Post-Lehman, 'Washington Is the New Wall Street'

Nation's political and financial capitals
By Wesley Oliver,  Newser Staff
Posted Sep 13, 2009 11:38 AM CDT
The nation's political and financial capitals have grown closer one year after Lehman's collapse.   (Shutter Stock)

(Newser) – For decades, more than just 228 miles separated Wall Street from Washington, as financiers cast a casual eye at government regulators. But a year after Lehman Brothers’ dramatic implosion, the nation’s financial and political capitals are forging a new, closer relationship that has some concerned, David Cho, Steven Mufson, and Tomoeh Murakami Tse write for the Washington Post. “Washington is the new Wall Street," one billionaire investor says. “No major capital transactions appear to occur without the intervention of Washington.”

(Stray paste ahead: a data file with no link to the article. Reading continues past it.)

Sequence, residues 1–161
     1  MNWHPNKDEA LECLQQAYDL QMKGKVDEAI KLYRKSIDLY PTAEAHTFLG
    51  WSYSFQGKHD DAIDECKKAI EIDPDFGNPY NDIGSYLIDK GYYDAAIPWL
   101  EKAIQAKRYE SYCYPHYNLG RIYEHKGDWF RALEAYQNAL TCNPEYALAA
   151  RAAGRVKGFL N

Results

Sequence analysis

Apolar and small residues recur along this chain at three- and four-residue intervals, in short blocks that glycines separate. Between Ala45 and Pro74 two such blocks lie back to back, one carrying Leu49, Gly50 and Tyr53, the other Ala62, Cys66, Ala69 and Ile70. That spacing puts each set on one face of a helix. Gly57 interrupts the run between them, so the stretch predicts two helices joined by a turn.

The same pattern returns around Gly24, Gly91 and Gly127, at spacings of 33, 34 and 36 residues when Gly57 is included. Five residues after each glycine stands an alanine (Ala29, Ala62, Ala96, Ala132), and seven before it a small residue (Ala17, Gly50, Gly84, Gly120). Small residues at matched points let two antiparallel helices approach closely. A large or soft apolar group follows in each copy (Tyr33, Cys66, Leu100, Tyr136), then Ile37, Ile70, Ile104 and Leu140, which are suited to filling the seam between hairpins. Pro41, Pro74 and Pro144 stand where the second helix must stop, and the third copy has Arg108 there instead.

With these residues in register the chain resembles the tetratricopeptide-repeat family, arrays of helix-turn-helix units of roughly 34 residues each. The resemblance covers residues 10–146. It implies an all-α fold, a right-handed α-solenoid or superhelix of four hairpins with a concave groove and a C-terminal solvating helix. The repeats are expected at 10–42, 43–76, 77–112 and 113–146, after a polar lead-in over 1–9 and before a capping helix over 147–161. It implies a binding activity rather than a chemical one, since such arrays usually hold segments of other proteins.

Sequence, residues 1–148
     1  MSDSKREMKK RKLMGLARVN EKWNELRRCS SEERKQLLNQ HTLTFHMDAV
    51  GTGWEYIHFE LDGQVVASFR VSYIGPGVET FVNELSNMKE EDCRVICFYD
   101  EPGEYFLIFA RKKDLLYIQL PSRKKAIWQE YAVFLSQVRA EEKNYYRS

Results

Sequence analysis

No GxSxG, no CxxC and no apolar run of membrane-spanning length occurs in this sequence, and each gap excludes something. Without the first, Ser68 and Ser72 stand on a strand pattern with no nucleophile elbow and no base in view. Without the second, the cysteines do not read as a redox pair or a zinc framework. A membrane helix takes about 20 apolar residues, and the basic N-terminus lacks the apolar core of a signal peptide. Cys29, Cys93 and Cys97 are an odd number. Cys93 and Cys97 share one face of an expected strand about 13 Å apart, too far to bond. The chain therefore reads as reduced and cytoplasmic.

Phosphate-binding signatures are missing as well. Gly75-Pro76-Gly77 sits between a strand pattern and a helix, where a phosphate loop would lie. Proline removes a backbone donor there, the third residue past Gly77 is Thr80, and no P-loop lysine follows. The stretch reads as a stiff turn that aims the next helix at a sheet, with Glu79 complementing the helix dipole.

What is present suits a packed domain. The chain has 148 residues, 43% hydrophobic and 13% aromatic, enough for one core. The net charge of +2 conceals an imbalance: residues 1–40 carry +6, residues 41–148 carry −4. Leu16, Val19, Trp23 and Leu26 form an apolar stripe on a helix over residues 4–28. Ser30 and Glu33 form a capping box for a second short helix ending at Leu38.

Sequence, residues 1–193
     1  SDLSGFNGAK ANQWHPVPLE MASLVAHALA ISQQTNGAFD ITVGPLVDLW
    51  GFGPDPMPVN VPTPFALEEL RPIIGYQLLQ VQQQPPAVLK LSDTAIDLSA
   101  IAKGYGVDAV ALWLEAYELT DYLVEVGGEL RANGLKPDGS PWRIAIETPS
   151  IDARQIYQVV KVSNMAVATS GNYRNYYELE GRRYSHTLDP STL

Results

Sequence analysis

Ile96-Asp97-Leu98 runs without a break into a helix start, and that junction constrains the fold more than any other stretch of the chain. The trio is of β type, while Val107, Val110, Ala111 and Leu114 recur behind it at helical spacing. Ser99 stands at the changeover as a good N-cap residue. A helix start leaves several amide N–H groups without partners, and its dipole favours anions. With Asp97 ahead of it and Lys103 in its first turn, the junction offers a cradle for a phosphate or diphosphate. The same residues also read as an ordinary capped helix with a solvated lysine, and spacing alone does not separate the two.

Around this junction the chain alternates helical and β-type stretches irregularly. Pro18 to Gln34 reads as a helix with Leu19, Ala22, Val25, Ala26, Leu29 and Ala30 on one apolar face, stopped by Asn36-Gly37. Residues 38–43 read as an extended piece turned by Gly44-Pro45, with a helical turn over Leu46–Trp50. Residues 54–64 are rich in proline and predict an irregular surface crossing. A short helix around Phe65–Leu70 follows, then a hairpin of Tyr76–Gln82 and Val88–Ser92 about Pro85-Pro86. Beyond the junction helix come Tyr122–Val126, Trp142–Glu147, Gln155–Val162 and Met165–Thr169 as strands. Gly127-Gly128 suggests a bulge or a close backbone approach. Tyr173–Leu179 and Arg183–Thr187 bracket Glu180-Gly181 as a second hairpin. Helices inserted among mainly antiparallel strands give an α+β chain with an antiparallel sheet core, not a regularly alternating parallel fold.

While JPMorgan and Citigroup have shifted attention to DC, former regulators are in high demand among companies looking for government expertise. Washington is seizing its opportunity, not only using taxpayer funds to buy major stakes in companies, but demanding intelligence about prospective deals and executive compensation. “In the old days, Washington was refereeing from the sideline,” says one exec. Now, “not only is Washington refereeing from the field, it is also a player as well. That changes the dynamics significantly.”